What Is a Nonqualified Variable Annuity?
Nonqualified variable annuities are tax-deferred investment vehicles with a unique tax structure. While you won’t receive a tax deduction for the money you contribute, your account grows without incurring taxes until you take money out, either through withdrawals or as a regular income in retirement.
- Nonqualified variable annuities don’t entitle you to a tax deduction for your contributions, but your investment will grow tax-deferred.
- When you make withdrawals or begin taking regular payments from the annuity, that money will be taxed as ordinary income.
- Any money you take out before age 59½ will also be subject to a 10% early withdrawal penalty in most cases.
How a Nonqualified Variable Annuity Works
Variable annuities work like most kinds of annuity contracts sold by insurance companies. In return for the money you invest, the insurer promises to pay you a regular stream of income, often beginning at retirement age and continuing for the rest of your life.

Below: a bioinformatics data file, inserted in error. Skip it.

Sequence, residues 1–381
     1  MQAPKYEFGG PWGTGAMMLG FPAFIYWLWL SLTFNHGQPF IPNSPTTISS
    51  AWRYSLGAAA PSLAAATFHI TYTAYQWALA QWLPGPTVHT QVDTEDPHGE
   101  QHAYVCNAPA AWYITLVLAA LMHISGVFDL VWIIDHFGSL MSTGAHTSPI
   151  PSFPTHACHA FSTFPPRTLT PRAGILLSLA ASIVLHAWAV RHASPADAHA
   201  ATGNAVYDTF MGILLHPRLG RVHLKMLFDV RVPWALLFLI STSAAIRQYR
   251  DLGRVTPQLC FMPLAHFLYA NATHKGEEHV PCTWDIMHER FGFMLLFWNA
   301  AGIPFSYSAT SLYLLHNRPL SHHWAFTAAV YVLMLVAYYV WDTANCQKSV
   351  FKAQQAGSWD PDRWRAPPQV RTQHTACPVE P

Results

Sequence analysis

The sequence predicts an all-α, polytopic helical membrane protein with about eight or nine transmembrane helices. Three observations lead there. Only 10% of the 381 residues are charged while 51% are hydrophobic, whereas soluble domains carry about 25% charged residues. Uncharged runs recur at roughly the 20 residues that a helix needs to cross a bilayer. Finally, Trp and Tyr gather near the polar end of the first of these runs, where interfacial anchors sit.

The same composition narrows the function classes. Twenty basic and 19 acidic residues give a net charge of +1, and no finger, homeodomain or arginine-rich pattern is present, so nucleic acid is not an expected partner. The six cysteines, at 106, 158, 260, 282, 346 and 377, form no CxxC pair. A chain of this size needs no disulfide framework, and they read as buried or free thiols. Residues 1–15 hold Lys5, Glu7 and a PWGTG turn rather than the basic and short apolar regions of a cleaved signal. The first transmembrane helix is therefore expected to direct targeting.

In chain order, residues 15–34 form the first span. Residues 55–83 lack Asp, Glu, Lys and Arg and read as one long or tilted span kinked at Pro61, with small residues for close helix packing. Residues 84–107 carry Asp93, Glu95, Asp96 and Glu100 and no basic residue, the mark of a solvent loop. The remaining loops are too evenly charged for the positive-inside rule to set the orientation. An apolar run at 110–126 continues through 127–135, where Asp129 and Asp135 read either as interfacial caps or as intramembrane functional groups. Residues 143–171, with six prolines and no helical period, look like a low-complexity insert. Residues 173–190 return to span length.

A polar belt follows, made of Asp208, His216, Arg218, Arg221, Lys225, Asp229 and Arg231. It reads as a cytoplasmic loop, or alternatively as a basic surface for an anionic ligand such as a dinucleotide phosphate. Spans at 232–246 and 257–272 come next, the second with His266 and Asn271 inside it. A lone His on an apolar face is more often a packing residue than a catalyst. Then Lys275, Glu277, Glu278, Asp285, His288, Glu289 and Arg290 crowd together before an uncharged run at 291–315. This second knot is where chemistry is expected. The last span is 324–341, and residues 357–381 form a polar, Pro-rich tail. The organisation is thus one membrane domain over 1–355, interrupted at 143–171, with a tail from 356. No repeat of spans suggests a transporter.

A qualified annuity is a type of retirement account, much like a traditional individual retirement account (IRA), that typically entitles you to a tax deduction for the amount you contribute, up to Internal Revenue Service (IRS) limits. A nonqualified annuity, on the other hand, is not considered a retirement account for tax purposes and doesn’t earn you a deduction—even if you are using it to save for retirement.
You make contributions to a nonqualified variable annuity with after-tax dollars, like adding money to a bank account or any investment outside of a retirement plan. The insurer then invests your contributions in the subaccounts, which are similar to mutual funds, of your choosing. The value of the annuity will vary according to the performance of the investments you selected. With a fixed annuity, by contrast, the insurer picks the investments and promises you a predetermined return.